"Please wash your hands before coming in," says Kerson Saykor, the manager of Phebe Hospital, gesturing to the chlorinated water barrel at the front door.
Strict hand hygiene rules have been in force in all Liberian hospitals since the Ebola outbreak, but at Phebe, a remote facility deep in the Liberian rainforest, staff learned the lesson the hard way.
In the mid-summer of 2014, when the virus was still largely confined to neighbouring Lofa county, a pregnant woman came in with birth complications. The staff helped deliver her baby, unaware that she had lied about where she came from. By the time they found out she was from one of Lofa's most infected regions, it was too late for both her and them.
"Even though we'd heard about Ebola by then, the nation as a whole wasn't taking precautionary measures," said Mr Saykor, whose staff at the time had little idea how to spot Ebola symptoms, much less treat an infected patient. "The pregnant woman became sick from Ebola and six nurses who had come into contact with her here died as well."
Whether all the nurses died from direct contact with the patient, or passed the virus on from one to another, nobody really knows. Either way, the rest of the hospital staff did not hang about to find out. Most refused to go anywhere near the hospital again until it could promise them safety training, forcing it to all but close its doors.
"It was a very difficult period,” Mr Saykor said. “Everyone who worked in the hospital was worried that their colleagues had the virus, until proven otherwise. We were still having to interact with each other not knowing who to trust, and every few days you would hear that someone had died."
What was a frightening time for the staff was equally hard for the patients, with many acutely ill people being turfed out because of a lack of staff to care for them. By early August of 2014, the 200-bed facility had just one patient, a three-year-old girl suffering from a bout of malaria.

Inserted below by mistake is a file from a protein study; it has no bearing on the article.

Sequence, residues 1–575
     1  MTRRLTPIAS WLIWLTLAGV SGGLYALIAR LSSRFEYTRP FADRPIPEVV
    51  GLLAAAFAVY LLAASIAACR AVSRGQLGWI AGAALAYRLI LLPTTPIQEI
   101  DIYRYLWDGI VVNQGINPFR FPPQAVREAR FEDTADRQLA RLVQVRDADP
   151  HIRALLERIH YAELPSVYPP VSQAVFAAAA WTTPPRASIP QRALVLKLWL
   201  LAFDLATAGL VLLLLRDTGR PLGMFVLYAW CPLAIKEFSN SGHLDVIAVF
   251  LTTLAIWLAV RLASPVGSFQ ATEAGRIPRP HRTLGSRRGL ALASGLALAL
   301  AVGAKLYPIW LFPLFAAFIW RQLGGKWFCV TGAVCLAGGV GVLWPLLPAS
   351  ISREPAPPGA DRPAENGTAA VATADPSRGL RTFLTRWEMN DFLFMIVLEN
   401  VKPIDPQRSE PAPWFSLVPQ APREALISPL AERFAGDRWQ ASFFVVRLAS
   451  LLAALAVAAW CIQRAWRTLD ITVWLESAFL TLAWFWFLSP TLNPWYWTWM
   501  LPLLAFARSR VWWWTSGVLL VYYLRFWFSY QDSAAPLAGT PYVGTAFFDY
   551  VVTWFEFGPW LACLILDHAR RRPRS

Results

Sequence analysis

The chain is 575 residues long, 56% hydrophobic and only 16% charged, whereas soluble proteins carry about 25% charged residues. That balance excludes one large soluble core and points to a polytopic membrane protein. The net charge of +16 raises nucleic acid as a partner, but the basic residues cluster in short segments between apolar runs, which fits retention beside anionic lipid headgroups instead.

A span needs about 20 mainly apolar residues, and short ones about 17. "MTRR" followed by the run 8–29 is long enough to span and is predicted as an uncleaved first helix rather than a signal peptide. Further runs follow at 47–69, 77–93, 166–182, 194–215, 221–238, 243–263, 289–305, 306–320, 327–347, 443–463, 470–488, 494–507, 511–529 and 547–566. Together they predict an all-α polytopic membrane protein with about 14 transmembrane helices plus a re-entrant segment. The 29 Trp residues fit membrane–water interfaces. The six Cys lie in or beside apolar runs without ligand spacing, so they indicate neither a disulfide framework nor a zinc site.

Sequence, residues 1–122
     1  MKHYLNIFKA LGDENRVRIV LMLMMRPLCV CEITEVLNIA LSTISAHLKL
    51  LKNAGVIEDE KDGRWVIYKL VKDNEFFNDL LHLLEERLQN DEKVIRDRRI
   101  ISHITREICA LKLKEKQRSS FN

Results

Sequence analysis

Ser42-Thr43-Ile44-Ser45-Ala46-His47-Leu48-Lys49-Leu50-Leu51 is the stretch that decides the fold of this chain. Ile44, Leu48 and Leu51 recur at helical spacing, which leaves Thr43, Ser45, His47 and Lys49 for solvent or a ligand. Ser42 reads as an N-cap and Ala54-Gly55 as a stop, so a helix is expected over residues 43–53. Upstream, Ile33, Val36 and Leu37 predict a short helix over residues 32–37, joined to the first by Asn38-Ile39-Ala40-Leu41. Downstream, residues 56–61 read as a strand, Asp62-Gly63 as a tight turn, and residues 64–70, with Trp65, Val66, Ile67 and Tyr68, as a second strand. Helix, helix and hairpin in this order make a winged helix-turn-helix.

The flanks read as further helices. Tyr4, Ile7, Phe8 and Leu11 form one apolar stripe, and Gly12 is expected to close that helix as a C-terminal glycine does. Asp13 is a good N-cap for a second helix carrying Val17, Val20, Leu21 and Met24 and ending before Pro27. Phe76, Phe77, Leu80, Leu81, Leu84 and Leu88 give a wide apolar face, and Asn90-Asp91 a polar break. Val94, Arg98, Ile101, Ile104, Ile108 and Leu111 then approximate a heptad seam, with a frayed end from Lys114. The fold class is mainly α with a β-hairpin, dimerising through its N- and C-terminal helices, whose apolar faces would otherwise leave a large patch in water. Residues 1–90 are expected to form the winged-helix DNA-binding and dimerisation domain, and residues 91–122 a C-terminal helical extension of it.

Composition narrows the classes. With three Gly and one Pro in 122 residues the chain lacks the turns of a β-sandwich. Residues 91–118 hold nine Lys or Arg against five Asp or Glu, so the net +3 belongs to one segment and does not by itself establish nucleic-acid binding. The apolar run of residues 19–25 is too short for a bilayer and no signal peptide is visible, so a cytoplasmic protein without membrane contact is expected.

Security guards at the facility were carrying clubs studded with nails in case would-be patients did not take kindly to being turned away. And in a patch of bush in a nearby village, a freshly dug grave contained the body of an elderly man who had died shortly after being told to vacate his hospital bed. With no other hospital open within a hundred miles, he simply had nowhere else to go.
Things did not begin to return to normal until later that year, when Bong county got its own Ebola treatment unit and staff at Phebe began getting the specialist safety training they had lacked.
One of the hospital's doctors, Melvin Korkor, contracted Ebola along with the six nurses but survived after four days in a treatment unit. A devout Christian, he later toured Bong county's churches, explaining to locals that Ebola was not a divine curse but an avoidable medical disease.
But for Mr Saykor, the hospital manager, the most powerful message about the perils of Ebola can be found today in the hospital's "palaver" hut, or meeting house.
There, etched in grey concrete, is a memorial to the six nurses and two hospital drivers who "lost their lives in active service during the Ebola crisis".
"We are very grateful to our colleagues for their dedication," said Mr Seykor. "But the Ebola crisis also taught us that if you don't follow the right procedures, you will die."
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